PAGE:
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The curtain will close for good on Symantec Corp.'s pcAnywhere remote access product in just a few days, bringing an end to the long and trouble-ridden road of what was once the industry's best-selling remote control product.
As of Nov. 3, 2014, it will no longer be possible to purchase pcAnywhere, which not long ago was touted as "still the best-selling option" at 20 years old. On its site, Symantec said pcAnywhere's eminent end was due to both careful consideration and the fact that the product had not received any major releases for seven years. As a component, the pcAnywhere Solution will be available, but as a standalone product, pcAnywhere will cease to exist. Support for the product will end in November 2015.
Despite being a huge revenue driver for Big Yellow in the early years of the millennium, the show hasn't always been a smooth one for pcAnywhere. In 2012, Symantec confirmed that source code for pcAnywhere and other products was stolen in 2006 -- even revealing that the vendor knew there had been an incident at that time, though it failed to report it for six years. The code was posted online by a reportedly Anonymous-related Indian hacking group; in early 2012, Symantec reported the six-year-old breach but downplayed its severity, assuring customers at the time that they "should not be in any increased danger of cyberattacks resulting in this incident."
However, later that month, Symantec issued an advisory telling customers to stop using pcAnywhere until an update was released. Symantec repaired the vulnerabilities and soon published a best practice guide to help enterprises mitigate potential pcAnywhere security issues. Yet the problems did not end there. Research by Rapid7 LLC CSO HD Moore soon concluded that thousands of systems using pcAnywhere with open ports were still vulnerable to attack, showcasing the problems plaguing remote access systems and their improper configuration.
The embarrassing pcAnywhere saga is just one of the many strategic missteps that Symantec has made in recent years. Along with other breaches, investigations and lawsuits, its leadership has been criticized for its inability to boost performance, offer innovative products and ultimately meet Wall Street expectations. In 2012, the company ousted CEO Enrique Salem in favor of Steve Bennett. Less than two years later, Bennett was fired and Michael Brown stepped into the role.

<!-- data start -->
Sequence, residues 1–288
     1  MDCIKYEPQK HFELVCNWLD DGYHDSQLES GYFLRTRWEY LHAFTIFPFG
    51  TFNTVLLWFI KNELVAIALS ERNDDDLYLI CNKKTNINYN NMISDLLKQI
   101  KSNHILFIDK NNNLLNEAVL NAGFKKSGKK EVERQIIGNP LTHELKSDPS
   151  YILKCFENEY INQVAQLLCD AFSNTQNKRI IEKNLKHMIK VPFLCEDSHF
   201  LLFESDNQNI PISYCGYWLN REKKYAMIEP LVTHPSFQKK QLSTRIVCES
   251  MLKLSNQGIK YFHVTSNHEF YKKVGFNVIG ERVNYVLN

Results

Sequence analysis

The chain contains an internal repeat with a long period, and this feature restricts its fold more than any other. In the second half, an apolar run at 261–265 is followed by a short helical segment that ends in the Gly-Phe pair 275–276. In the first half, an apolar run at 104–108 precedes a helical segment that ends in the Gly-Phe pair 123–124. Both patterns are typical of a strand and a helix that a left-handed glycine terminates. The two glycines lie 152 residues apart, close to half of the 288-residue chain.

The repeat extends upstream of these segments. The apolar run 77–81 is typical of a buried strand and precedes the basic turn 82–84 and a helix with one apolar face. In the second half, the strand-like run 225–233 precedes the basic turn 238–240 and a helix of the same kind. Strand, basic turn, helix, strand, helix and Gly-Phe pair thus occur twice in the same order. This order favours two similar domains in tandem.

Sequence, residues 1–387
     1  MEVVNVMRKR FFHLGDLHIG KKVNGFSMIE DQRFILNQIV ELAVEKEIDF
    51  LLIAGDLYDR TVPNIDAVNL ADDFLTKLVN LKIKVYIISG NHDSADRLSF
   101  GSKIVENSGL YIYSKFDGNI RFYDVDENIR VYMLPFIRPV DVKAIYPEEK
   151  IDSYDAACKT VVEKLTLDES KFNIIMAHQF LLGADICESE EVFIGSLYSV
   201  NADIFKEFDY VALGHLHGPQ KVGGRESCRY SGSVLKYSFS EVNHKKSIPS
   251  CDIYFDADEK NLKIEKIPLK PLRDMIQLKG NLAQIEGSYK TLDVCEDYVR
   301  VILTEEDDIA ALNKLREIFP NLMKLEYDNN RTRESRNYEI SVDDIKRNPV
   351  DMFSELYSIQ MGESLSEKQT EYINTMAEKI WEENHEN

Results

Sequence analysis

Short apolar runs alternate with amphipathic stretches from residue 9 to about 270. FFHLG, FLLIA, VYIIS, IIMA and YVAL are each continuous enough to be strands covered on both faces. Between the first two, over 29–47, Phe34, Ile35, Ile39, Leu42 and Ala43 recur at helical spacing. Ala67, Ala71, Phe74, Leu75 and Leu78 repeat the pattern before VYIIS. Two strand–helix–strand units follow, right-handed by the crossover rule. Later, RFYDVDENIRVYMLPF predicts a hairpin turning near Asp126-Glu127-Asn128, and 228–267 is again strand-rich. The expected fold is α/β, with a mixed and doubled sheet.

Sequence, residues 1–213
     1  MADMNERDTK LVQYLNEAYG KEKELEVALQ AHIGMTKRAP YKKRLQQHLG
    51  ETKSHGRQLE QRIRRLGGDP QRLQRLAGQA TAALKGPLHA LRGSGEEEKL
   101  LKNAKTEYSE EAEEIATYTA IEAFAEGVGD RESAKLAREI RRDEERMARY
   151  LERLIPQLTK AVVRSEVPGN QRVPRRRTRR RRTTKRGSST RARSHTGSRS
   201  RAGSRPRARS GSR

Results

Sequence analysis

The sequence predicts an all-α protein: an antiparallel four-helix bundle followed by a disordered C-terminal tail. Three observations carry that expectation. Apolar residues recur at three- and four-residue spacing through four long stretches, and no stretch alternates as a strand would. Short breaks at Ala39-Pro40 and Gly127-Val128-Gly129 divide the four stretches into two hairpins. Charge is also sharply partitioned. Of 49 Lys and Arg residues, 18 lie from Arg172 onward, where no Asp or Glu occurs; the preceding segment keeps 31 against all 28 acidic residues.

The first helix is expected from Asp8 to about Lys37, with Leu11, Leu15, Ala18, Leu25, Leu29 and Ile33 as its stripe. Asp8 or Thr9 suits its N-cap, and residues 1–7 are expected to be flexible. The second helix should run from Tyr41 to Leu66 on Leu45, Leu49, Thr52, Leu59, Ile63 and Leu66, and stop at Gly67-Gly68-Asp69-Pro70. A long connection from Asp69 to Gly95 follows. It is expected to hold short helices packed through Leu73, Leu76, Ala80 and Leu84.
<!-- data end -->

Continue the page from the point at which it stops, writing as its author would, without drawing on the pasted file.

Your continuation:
Just this month, Symantec announced it would not only split into two entities within the next year -- one for security and one for information management and data storage -- but also that its security product line would be consolidated, refocused and better suited to meet its customers' security needs.
However, in looking at the future it is critical to look at the past. The fact that Symantec allowed its once market-leading remote access product to fall from riches to rags and endure a slow, painful death is a troubling reality Symantec customers won't soon forget, and is merely one in a long line of strategic failures. Add into the equation that the company has been reluctant to keep up with the times and release a clear strategy to stay relevant -- and not to mention innovative products -- and Symantec's future can be considered hazy at best.
Truth be told, Symantec has the time, money and resources to rebound from its failures and the multiple issues it has faced. It remains to be seen, however, whether the pcAnywhere saga will be remembered as the low point for the security vendor prior to its strategic makeover, or the beginning of the end.
In other news
- The Gawker Media-owned blog Lifehacker, which "curates tips, tricks and technology for living better in the digital age," published Six Great DIY Projects for Hacking Computers and Networks Thursday morning, calling into question the ethics of responsible disclosure in publishing black hat hacking techniques. While writer Alan Henry prefaced the article by writing, "Knowing evil means knowing how to beat it, so you can use your sinister powers for good," and "as with all hacking and network sniffing and monitoring projects, keep in mind that these are the kinds of things you should use ethically, on your own network or networks you have permission to probe," the article painstakingly details a number of activities that would likely be illegal, including building a Wi-Fi-hacking, password-cracking, cell-tower-spoofing drone, or transforming a safety flare gun into a wireless camera launcher. SearchSecurity contacted Henry regarding the ethical issues that come with publishing such information, but did not receive a response by press time.
- The results of a recent poll released Tuesday by Chapman University revealed that Americans are more afraid of becoming the victim of identity theft than being the victim of a shooting. The school, based in Orange, Calif., polled 1,500 participants across the country in what it says is the first of a planned annual study. The fear of falling victim to identity theft came in second to only "walking alone at night." The third-ranked fear, also computer related, was "safety on the Internet," followed by fear of being the victim of a mass/random shooting in fourth place and public speaking in fifth place. When it came to the top five concerns of Americans, becoming ill came in fifth place following by becoming a victim of Internet identity theft, corporate surveillance of Internet activity, running out of money in the future and government surveillance of Internet activity.